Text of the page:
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Can a person fabricate convincing lawsuits and is the State powerless?

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Can a person fabricate convincing lawsuits and is the State powerless?

Postby jolie » Thu Mar 31, 2011 8:39 am

From my many Q and A sessions on this site I've identified a number of areas where modern law is totally powerless to act. I appreciate further input from the many lawyers and law students, but the case stands at present as follows:

1) The restaurant caper. A patron walks into a fancy restaurant and sits down at a table. He takes three bites out of whatever is served to him - he swallows the first two and spits out the third, then summons the waiter and forcefully complains that the food is terrible. He patiently allows the waiter to try to make things better, while all along he knows that whatever the waiter tries to do will be of no avail. If the waiter offers him a free meal - he accepts and gets two meals for the price of one. If the waiter offers him a discount on the bill - he accepts and pays less. If the waiter offers to bring him a new serving - he accepts and then repeats the whole performance again (having swallowed two more mouthfuls). Should the waiter refuse to remedy the situation, he "pays under duress" and leaves, threatening to sue. He then sues the restaurant, producing suitably doctored snapshots of the food he ate (making it look horrible), witnesses in the form of his associates, and much sobbing. By simultaneously filing many hundreds of such lawsuits he keeps himself well fed. If any attempt is made in any given trial to bring up previous trials or if the judge has already tried one of his cases - he can appeal the sentence claiming unfair bias. After all, a person could be unlucky and have several bad meals over the course of a month.

2) The bank scam. A group of criminals rob a bank and, while fleeing, toss the money into some bushes - making sure first that the money isn't marked and is in a suitably incongruous attache case. A few hours or days later, their accomplices "find" the case, take it overseas and launder the money. Since the money was found the accomplices, who plead ignorance to the robbery, are under no legal obligation to turn it into the police. The police and courts have no way of proving the accomplices were in on the scam and no way of forcing them to give up the money.

3) The loose stair. A person loosens a stair leading down to his basement. While walking down the stairs one summer with a visitor he "forgets" to warn his guest of the stair and the guest falls and breaks his leg. The guest can't sue him for damages - because he'd completely "forgotten" that the stair was broken and it took place months before. You can't sue a person for being forgetful. Further, the owner could deny all knowledge of the loose stair - and it could never be proven otherwise.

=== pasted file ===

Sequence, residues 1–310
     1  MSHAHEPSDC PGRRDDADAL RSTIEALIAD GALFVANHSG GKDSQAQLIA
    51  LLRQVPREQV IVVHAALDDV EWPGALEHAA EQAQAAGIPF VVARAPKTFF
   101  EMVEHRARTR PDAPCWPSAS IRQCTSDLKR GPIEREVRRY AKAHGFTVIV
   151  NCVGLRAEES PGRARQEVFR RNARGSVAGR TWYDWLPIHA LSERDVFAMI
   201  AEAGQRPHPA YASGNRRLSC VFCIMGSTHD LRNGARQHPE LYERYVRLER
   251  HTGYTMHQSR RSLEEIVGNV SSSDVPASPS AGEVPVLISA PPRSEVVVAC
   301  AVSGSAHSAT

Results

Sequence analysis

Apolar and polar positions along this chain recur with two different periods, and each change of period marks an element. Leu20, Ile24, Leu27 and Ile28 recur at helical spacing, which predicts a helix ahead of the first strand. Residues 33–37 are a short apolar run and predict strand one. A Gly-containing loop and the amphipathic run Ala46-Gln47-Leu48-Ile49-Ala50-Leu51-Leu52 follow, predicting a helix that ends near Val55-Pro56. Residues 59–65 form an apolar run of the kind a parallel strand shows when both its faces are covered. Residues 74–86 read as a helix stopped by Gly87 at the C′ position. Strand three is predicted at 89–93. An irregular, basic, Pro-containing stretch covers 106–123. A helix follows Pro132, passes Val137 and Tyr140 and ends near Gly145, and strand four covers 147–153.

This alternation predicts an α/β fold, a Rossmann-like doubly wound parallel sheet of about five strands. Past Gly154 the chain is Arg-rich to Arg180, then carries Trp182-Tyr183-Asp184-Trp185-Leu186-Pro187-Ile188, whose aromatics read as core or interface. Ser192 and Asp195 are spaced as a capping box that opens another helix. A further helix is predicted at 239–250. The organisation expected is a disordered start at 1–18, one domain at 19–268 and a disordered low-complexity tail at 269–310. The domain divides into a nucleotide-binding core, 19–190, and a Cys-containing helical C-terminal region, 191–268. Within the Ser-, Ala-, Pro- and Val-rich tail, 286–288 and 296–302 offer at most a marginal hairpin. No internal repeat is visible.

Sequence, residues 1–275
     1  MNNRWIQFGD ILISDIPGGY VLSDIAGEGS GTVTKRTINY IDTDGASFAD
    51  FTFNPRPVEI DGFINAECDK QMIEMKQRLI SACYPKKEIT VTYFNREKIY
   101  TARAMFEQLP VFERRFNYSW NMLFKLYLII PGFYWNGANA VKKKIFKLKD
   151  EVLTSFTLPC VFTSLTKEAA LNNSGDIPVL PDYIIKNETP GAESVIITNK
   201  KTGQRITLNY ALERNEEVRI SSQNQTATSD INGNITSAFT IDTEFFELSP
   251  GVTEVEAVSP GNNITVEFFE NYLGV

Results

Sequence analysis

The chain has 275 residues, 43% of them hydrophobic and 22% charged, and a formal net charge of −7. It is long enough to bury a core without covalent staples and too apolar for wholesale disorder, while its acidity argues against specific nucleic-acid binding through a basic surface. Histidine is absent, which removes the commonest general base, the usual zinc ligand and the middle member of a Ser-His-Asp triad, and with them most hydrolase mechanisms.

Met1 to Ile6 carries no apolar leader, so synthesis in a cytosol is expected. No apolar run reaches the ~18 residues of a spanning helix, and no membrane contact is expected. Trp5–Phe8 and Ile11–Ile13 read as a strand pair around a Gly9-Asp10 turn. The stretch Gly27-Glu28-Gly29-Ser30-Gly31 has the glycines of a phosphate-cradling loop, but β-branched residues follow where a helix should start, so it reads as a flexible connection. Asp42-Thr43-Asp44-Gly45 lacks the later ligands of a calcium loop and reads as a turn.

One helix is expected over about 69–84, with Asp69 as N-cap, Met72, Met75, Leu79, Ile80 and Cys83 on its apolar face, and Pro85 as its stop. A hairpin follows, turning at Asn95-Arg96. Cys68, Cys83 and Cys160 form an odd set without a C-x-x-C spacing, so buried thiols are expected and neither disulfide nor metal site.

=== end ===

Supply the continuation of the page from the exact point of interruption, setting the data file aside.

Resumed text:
4) Medical malpractice. A person receiving an injection at a clinic deliberately moves and breaks the needle - then sues the clinic for negligent malpractice. How are you going to prove he did it deliberately?
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Can a person fabricate convincing lawsuits and is the State powerless?

Postby wardell » Thu Mar 31, 2011 8:55 am

1) He would spend more in court costs than the cost of the food.

2) You make the HUGE assumptions that A) they could get out of the bank with the money and nobody following or watching them. B) the money in the bag would not be marked and that they would actually have time to make sure it is not marked. C) nobody else would find the bag.

3) This is just dumb. Regardless of if they "forgot" to tell the person or not, they would still be liable for the injury because it is their property.

4) If they moved deliberately or not, it is still their fault for moving. This is not malpractice and it would be tossed out of court.
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Can a person fabricate convincing lawsuits and is the State powerless?

Postby dana » Thu Mar 31, 2011 9:03 am

The "rule of thumb" I like to remember about law & justice is this:
Anybody can sue anyone at any time for anything.

Now, with that in mind, understand that many of those lawsuits will either be rejected ("tossed out") as Frivolous; many others will be settled out of court between the two parties involved, requiring no courtroom resources.

Others will be either mediated or arbitrated, utilizing some but not many courtroom resources.

It is the rare case (of the ones you list) which would make it to courtroom trial.

Also, records are kept as to number, type and recurrence of cases brought by any individual.

Finally, many cases (like the one involving the woman who spilled hot coffee on herself at a McDonalds drive-thru) that do make it to trial (page 1 headline) and win a large monetary award, later have that award amount tremendously reduced on appeal (page B17 "news tidbit").
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